- Special Features
Blogs & Columns
- Fun & Games
Testing has confirmed that a painting donated to England's National Trust is indeed a 400-year-old Rembrandt self-portrait.
The painting, which is worth an estimated $50 million, was tested by the Hamilton Kerr Institute over an eight-month period and then examined again by the foremost Rembrandt expert. Both came to the conclusion that the self-portrait was done by Rembrandt in 1635.
The painting, which currently hangs in Buckland Abbey, was donated in 2010 to the Trust. However, since 1968, the work has been dogged by claims it wasn't the genuine thing. The Rembrandt Research Project and Horst Gerson were doubtful of the self-portrait due painting and panel oddities.
Then in 2005, expert Ernst van de Wetering believed that it might actually be a Rembrandt after all and seven years later insisted it was true after further study. So, thanks to funds raised by Players of People's Postcode Lottery, further examination and cleaning on the painting was conducted.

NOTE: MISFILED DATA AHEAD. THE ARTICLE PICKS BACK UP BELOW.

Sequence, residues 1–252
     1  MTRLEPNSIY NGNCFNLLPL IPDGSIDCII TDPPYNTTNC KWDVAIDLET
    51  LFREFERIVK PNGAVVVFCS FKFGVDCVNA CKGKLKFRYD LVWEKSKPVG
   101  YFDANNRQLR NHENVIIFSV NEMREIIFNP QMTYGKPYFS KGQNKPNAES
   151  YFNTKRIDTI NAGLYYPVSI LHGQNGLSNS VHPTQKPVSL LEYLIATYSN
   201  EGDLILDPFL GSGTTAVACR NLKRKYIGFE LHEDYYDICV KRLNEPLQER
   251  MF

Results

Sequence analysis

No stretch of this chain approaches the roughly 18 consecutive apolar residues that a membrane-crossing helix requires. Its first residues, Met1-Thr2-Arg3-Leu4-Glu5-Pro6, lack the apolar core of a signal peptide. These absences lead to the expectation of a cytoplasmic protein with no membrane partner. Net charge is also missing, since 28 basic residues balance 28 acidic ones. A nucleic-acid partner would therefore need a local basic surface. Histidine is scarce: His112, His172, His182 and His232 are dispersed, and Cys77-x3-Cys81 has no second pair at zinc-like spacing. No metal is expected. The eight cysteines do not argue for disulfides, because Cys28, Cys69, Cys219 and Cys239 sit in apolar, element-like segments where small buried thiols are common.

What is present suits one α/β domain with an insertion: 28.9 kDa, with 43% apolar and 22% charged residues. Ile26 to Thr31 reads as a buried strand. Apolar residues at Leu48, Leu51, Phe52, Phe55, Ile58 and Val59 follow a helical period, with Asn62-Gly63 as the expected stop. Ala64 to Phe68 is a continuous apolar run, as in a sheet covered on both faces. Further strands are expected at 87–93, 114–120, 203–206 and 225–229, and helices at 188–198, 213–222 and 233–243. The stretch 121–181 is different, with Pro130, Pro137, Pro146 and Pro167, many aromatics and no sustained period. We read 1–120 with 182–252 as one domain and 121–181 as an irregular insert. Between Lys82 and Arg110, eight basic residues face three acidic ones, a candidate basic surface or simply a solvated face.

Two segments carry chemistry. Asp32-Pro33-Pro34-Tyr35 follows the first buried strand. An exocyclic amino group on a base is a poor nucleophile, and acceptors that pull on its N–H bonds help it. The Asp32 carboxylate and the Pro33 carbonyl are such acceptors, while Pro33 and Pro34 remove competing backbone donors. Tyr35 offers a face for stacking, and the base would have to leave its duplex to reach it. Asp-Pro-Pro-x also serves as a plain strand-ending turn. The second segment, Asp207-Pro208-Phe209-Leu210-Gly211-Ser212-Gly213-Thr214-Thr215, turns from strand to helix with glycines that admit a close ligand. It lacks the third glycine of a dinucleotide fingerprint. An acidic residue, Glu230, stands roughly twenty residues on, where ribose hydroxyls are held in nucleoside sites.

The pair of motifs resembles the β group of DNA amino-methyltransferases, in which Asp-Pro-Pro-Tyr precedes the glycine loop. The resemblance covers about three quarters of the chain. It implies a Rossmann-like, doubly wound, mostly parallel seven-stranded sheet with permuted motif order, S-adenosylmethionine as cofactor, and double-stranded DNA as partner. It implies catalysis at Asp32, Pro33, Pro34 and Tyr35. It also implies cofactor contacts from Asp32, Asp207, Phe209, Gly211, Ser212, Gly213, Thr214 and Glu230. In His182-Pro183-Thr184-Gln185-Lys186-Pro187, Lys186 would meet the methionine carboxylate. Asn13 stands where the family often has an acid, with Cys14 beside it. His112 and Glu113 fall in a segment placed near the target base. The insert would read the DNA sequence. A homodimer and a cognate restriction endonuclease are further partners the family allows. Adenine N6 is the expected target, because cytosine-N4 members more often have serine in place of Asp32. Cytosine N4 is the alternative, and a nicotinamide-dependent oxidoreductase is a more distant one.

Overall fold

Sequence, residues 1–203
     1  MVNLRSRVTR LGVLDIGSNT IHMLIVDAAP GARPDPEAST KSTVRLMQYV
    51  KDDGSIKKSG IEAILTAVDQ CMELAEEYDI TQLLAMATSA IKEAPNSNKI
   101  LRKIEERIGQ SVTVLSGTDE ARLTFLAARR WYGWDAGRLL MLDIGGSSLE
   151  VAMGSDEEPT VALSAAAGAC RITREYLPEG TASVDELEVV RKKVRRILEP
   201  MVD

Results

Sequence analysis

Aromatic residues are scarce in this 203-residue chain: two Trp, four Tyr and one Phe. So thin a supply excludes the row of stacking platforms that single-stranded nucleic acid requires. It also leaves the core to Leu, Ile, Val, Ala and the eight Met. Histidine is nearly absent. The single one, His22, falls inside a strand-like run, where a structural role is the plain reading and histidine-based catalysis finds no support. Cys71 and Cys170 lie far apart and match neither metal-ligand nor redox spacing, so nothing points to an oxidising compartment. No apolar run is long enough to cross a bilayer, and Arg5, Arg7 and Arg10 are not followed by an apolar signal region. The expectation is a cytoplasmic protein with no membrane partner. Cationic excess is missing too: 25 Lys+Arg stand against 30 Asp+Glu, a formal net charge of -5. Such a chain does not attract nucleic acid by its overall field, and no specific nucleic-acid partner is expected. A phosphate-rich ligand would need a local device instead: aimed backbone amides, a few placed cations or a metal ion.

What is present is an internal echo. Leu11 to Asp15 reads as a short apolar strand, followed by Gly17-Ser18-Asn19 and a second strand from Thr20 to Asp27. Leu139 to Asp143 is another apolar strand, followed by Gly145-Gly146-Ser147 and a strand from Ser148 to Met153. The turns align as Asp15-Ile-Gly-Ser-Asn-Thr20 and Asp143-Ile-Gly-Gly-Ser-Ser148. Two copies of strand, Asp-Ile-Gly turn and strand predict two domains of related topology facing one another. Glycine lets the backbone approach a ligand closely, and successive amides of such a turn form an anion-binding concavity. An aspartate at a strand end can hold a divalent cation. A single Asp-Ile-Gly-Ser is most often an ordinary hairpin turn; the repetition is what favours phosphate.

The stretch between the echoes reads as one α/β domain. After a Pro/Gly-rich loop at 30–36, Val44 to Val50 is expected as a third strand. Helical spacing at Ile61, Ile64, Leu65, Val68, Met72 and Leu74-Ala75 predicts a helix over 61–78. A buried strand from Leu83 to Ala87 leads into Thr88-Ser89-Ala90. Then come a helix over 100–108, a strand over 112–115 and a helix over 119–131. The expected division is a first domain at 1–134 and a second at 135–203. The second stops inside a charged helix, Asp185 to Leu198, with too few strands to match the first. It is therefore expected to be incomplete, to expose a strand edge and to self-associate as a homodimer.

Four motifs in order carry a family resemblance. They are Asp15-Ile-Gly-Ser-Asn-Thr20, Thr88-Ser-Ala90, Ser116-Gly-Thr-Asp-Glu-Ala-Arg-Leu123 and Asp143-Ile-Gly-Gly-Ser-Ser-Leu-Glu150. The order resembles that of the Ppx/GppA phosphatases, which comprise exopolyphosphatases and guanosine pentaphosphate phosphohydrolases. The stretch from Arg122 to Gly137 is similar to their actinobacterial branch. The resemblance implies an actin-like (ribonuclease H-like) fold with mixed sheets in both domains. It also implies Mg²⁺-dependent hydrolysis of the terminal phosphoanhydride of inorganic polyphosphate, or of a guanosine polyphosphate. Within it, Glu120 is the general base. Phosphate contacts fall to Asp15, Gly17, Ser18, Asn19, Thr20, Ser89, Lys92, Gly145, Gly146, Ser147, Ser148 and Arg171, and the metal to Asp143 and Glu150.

HKI paintings conservator Christine Slottvedd Kimbriel said that upon receipt of the portrait, the institute began putting through several different analyses, including infra-red reflectography, raking light photography, pigment and medium analysis and x-radiography.
"Careful cleaning and removal of several layers of aged and yellowed varnish which had been added to the painting much later, revealed the original colours and painting style beneath," Kimbriel said. "What was revealed was a true depth of colour, much more detail and a three-dimensional appearance to the fabric."
The HKI also examined the signature, which had also been called into question by doubters of the self-portrait's authenticity and it was found through a cross-section analysis that it was done at the time of the work's initial completion.